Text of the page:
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For years, vigilant members of the American public have been asking: What did George W. Bush know, and when did he know it? Today we can reveal at least part of the answer. George W. Bush knew the mother of Harambe, the gorilla who died, and he knew her in July 1996.
Before Harambe moved to the Cincinnati Zoo, where he was tragically shot dead this year after a small child fell into his enclosure, he lived in Brownsville, Texas, at the Gladys Porter Zoo. He wasn’t yet born when then-governor Bush made a visit to the zoo’s gorilla exhibit, but his mother, Kayla, was there. Dubya got to meet her personally, and there are photos to prove it:
This seems like an awkward coincidence, considering the meme community’s conspiracy theory that Bush Did Harambe.
How do these photos fit into that hyper-ironic, totally wackadoodle narrative? Rich McCormick at the Verge has some ideas:
Perhaps the future president felt slighted during his meeting with the majestic gorilla’s mom, and orchestrated a plan to murder her offspring almost 20 years later? Maybe he spent the next decade finding a suitable baby and imprinting it with a burning desire to drop into the Cincinnati Zoo gorilla enclosure?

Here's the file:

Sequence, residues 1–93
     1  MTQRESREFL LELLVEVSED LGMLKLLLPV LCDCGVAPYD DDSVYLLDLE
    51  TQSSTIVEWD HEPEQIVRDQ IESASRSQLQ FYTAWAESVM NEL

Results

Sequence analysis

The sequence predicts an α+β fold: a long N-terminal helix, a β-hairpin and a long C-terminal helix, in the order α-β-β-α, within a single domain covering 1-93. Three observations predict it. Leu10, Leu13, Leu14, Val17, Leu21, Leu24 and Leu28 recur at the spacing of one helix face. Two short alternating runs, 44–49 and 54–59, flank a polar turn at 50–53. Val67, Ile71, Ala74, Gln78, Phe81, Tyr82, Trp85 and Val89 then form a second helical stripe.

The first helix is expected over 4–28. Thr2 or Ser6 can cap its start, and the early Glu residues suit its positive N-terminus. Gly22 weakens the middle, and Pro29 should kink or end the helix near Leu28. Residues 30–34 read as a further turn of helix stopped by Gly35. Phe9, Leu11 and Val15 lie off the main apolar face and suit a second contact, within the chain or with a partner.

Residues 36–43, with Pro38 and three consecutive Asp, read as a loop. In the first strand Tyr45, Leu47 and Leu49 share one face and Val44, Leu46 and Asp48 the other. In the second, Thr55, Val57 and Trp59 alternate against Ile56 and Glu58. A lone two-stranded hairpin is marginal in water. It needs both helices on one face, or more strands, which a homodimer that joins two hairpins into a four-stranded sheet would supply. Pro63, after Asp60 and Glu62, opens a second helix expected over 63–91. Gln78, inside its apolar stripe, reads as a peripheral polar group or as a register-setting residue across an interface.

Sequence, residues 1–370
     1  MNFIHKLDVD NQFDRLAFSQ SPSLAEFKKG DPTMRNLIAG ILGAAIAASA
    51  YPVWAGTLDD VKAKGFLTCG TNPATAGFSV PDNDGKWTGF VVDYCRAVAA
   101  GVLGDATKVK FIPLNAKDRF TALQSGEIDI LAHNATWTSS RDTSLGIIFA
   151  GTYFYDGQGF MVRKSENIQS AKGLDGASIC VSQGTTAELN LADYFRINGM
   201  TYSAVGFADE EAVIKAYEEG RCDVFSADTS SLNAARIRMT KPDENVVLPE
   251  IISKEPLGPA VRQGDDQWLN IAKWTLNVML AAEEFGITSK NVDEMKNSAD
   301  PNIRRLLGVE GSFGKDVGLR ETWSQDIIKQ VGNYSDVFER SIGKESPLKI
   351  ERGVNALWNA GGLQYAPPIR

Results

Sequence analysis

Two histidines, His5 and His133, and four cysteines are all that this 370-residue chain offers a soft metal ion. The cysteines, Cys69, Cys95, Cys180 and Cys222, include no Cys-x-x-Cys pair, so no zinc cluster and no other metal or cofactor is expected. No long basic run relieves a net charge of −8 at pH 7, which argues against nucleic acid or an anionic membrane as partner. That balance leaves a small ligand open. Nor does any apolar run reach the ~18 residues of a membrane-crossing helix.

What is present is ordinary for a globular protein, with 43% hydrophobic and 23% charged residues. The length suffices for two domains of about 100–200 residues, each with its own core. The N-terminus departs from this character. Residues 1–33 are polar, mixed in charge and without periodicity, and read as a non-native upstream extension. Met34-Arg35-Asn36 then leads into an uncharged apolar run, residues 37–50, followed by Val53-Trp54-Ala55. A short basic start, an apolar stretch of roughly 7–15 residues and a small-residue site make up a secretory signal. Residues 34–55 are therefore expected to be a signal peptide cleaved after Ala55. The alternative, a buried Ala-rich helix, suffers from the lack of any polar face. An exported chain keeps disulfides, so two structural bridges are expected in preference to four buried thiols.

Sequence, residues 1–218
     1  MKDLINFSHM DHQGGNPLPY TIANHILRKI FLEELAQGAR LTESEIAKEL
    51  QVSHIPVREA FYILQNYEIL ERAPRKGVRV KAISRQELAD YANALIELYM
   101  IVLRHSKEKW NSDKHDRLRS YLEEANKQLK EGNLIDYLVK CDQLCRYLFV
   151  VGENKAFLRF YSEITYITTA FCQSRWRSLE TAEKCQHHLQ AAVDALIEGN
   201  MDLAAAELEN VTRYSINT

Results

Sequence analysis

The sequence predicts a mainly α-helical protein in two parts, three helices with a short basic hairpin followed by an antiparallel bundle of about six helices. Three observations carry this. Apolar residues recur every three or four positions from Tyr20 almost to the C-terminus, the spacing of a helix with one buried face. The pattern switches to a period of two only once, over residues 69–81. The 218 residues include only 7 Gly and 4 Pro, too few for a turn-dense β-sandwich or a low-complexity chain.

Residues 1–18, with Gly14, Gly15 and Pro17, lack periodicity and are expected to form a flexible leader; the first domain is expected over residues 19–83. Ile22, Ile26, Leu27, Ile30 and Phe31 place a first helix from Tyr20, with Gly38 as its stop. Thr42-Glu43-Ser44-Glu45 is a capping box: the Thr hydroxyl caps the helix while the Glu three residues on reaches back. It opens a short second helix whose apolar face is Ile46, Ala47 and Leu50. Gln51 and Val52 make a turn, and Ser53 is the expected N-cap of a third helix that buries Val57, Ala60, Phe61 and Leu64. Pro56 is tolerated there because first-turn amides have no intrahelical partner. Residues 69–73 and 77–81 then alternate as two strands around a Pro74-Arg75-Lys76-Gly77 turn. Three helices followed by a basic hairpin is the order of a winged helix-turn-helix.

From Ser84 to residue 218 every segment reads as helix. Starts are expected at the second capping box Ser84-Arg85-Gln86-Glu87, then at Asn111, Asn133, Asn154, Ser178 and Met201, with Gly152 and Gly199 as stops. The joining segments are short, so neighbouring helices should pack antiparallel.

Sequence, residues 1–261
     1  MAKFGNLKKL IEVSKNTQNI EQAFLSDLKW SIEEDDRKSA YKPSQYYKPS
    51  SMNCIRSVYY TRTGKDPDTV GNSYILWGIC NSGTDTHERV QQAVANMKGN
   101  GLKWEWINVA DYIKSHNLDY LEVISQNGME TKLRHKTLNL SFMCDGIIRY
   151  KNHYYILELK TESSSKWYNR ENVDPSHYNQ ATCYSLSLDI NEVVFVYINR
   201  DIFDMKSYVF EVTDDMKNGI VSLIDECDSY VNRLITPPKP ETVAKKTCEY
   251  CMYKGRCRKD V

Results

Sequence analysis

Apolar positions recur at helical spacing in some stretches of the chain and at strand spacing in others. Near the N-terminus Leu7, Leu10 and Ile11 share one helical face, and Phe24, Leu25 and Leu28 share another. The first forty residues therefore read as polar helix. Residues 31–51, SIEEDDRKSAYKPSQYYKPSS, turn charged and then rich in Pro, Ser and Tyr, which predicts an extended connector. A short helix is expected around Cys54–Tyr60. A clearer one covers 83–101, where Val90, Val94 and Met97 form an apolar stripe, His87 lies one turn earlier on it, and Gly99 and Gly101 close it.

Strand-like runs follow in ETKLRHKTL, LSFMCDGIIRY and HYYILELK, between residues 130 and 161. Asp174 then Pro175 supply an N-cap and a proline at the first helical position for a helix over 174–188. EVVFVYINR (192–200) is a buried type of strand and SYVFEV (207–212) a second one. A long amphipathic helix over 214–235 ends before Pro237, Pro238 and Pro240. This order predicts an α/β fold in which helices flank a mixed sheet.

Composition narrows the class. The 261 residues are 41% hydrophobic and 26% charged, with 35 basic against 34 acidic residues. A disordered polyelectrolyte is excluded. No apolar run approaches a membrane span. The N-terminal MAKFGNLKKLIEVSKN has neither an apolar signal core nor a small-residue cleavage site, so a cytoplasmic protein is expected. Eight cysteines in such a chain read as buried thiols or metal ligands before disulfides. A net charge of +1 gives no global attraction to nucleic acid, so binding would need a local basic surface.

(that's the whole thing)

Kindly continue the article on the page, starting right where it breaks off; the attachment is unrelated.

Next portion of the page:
There’s no evidence it’s true, but there’s no evidence it’s not true, either, you know?
The recently uncovered archive of Texas gorilla photos contains something more troubling, though: baby photos of Harambe.
This might be the thing that finally puts an end to Harambe as a meme. Celebrating the gorilla as a larger-than-life figure was funny and ironic for a while, and people have kept the meme going even though it’s become overexposed and played out. But the cute baby pics are a reminder of the real animal behind the meme, piercing the protective layer of irony that keeps us from crying about a murdered primate.
Well, that turned un-fun very quickly. R.I.P. Harambe (meme). And R.I.P. for real, Harambe (gorilla). You were such a beautiful lil’ bebe.
Jay Hathaway is a former senior writer who specialized in internet memes and weird online culture. He previously served as the Daily Dot’s news editor, was a staff writer at Gawker, and edited the classic websites Urlesque and Download Squad. His work has also appeared on nymag.com, suicidegirls.com, and the Morning News.